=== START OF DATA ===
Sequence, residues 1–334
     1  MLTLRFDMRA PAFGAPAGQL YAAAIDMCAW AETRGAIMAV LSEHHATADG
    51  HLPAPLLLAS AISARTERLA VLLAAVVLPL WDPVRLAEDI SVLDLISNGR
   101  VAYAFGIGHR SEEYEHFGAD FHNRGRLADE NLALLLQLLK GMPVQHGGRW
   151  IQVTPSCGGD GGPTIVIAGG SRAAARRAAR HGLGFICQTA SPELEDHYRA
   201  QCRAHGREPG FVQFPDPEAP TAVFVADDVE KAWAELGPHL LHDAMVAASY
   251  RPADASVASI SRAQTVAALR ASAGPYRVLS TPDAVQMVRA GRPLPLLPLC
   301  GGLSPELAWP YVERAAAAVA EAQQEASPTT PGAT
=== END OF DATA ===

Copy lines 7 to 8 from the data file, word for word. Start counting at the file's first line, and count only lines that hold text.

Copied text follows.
   251  RPADASVASI SRAQTVAALR ASAGPYRVLS TPDAVQMVRA GRPLPLLPLC
   301  GGLSPELAWP YVERAAAAVA EAQQEASPTT PGAT